This week my friends at Just the Job sent me a link to the Trees and Design Action Group, who, to date had not been on my radar. After browsing through their awesome range of resources I came across the rather inspiring Grand Lyon Tree Charter (very helpfully in English too, thanks). This publication is a proper hands-on ‘how to guide’ for anyone who wants to better understand our leafy neighbours who have been making our cities liveable and beautiful whilst having to be survivors in a hostile environment. There are so many things do for us, but what struck me as being so well articulated was the role that trees have in tackling the urban heat island effect.
The Charter identifies the role that trees could have as a passive measure in our urban environments alongside their intrinsic value. One adult tree = five air conditioning units working 20 hours/day = 11.4kWh of energy saved per day, amounting to 500 euros of energy cost saving per year (assuming a yearly energy consumption of 1000 kWh/yr).
You know it makes sense!
This has been a great week for trees in raising their profile in planning and design, the interview I recorded in March with Wei Yang (RTPI President) and Jane Findlay (LI President) went live today and can be viewed in the Landscape Institute Campus Site. This informative, entertaining and urgent conversation asks, ‘What have trees ever done for us?’ alongside practical matters such as “What are to top three planning and design considerations for happy trees and great places’. It makes for rewarding watching.
After what has been a particularly busy two years, and sharing the global challenges that were are facing since this time last year, posts have been somewhat absent. This is all about to change… However firstly I would like to bring you up to date. I am pleased to announce that I have moved into my new studio in Richmond, North Yorkshire. Based at Zetland Square I am delighted to be working from such a beautiful historic building in the centre of a beautiful market town (more on this later).
The last two years have been highly productive with a wide range of UK projects alongside work further afield. With a wide base of public sector clients alongside third sector and private businesses I am working with some great clients who share my vision for the role of planning and development as a means of ‘making the world a better place’.
Current projects include:
A Design of New Development Supplementary Planning Document for a District Council
Sustainability support to a number of councils across the UK
A town centre masterplan and investment framework for a District Council
A strategic masterplan for a new Garden Village of 4000 homes
The successful gaining of planning permission for a new ‘green’ recording studio and green room for the Forum Music Centre, Darlington, an in-house designed project.
Please contact me if you want to know more about my work or are thinking about commissioning a new project.
Sometimes it’s best to let nature take its course. In many places where the landscape around us is entirely human influenced the role of natural capital and ecosystems is undervalued as a means of overcoming social and environmental challenges. But how do we do this? Accepting that we cannot turn back the clock and restore large areas of the planet to a pre-human state the role of ‘rewilding’ becomes a compelling concept. The temptation is often to manage and tidy up nature, treat our landscapes like a garden, or worse, to quote President Trump, showing a deep understanding of the issues, “I was with the President of Finland and he said we have — much different — we are a forest nation. He called it a forest nation, and they spend a lot of time on raking and cleaning and doing things, and they don’t have any problem. And when it is, it’s a very small problem. So I know everybody’s looking at that to that end.” Much to the amusement of the Finnish People who have embraced the concept of ‘Rake News‘.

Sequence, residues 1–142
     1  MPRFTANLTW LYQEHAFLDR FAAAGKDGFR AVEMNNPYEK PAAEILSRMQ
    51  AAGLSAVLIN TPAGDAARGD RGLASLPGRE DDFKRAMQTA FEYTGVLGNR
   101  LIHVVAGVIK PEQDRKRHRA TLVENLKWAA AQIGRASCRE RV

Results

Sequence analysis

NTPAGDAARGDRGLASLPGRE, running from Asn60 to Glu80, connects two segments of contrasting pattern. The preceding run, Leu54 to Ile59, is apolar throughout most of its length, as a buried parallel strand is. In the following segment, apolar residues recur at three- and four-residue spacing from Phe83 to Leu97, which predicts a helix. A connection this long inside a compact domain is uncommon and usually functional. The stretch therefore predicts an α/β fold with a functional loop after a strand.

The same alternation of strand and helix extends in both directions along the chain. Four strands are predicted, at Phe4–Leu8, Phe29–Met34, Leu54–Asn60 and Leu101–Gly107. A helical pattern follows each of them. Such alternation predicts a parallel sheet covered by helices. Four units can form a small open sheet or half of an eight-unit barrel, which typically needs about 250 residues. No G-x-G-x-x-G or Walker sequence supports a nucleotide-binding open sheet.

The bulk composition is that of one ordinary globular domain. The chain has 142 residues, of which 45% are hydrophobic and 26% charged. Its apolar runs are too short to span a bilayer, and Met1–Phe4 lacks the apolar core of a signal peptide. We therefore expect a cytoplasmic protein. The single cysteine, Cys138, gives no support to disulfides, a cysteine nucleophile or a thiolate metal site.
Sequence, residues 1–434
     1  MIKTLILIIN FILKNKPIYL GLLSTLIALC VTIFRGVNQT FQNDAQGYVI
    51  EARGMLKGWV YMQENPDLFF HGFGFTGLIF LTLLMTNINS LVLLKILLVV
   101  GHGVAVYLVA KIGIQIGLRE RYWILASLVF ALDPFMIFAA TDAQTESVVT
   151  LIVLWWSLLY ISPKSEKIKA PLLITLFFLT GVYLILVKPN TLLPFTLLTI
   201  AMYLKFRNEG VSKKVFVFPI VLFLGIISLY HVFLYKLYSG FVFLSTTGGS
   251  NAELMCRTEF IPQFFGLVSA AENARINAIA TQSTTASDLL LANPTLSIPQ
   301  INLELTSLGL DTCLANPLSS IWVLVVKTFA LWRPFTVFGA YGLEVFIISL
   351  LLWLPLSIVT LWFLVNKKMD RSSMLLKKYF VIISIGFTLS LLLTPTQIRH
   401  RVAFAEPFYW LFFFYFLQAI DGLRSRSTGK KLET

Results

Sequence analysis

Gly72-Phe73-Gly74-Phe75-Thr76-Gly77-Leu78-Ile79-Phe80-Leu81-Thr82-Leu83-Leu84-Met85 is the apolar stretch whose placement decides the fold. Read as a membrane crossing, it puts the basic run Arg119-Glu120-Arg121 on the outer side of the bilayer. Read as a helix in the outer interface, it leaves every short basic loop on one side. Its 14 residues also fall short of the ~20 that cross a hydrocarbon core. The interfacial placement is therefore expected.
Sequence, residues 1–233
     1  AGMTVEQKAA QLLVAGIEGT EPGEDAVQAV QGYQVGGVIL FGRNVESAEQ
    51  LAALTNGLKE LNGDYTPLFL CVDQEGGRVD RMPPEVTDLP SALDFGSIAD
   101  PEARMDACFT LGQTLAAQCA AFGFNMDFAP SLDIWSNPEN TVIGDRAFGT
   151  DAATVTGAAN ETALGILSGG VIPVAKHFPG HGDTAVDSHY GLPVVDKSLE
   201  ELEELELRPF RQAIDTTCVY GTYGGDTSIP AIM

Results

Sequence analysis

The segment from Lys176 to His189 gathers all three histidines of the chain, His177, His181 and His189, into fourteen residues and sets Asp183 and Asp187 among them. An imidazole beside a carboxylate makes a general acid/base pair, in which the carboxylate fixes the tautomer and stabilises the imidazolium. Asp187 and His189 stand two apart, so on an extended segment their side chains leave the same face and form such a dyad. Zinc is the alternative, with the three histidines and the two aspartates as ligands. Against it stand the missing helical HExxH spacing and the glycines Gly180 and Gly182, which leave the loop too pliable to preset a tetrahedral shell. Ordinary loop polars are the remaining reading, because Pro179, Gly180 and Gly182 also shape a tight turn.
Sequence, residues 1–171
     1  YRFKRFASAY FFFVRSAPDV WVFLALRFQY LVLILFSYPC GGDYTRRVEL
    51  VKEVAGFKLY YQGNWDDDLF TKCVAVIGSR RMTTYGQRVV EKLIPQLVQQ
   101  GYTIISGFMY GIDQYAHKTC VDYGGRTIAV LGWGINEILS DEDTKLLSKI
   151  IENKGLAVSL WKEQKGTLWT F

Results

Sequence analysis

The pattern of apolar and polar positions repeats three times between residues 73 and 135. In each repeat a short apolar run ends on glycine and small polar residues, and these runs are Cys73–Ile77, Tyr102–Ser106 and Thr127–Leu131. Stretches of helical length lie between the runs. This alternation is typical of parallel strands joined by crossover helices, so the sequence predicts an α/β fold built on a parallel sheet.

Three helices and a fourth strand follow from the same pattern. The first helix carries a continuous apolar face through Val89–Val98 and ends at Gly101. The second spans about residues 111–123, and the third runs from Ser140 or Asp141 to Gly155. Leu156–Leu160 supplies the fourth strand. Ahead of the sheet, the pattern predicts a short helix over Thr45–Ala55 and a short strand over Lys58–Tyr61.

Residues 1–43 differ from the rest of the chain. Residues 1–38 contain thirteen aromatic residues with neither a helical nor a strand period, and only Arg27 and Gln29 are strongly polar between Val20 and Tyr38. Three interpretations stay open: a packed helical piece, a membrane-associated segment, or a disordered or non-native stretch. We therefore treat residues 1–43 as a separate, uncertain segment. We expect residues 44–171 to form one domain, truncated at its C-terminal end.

On a serious note there are concerted efforts across Europe to Rewild large areas of landscape, protecting scarce areas of wilderness and taking land out of traditional management to being wild places. With projects ranging from ‘wilderness scale’ to localised urban greenspaces this movement is making space for nature, whether large apex consumer species or invertebrates. Rewilding Europe has published a A Vision for a Wilder Europe demonstrating not just the intrinsic value of nature but also the sound underpinnings of a business case for investment in wilderness.
At a time where climate change adaptation and mitigation is a priority for everyone and the links to wild places and positive mental health and wellbeing the case for nature has never been stronger. Sometimes we have to create the conditions where nature can take over and self-manage, with untidy edges, a degree of danger, and outside of traditional management, to ultimately do less and achieve more.
Those of you who have heard me speak will have heard of the ‘Croissant Test’. So what am I on about I hear you ask? In simple terms if you can walk from your home to a local bakery, buy a croissant and bring it home while it is still warm you are living in a great place. Make sense? This is the essence of a walkable neighbourhood where the things you need are 5-10 minutes walk away, as opposed to another car journey.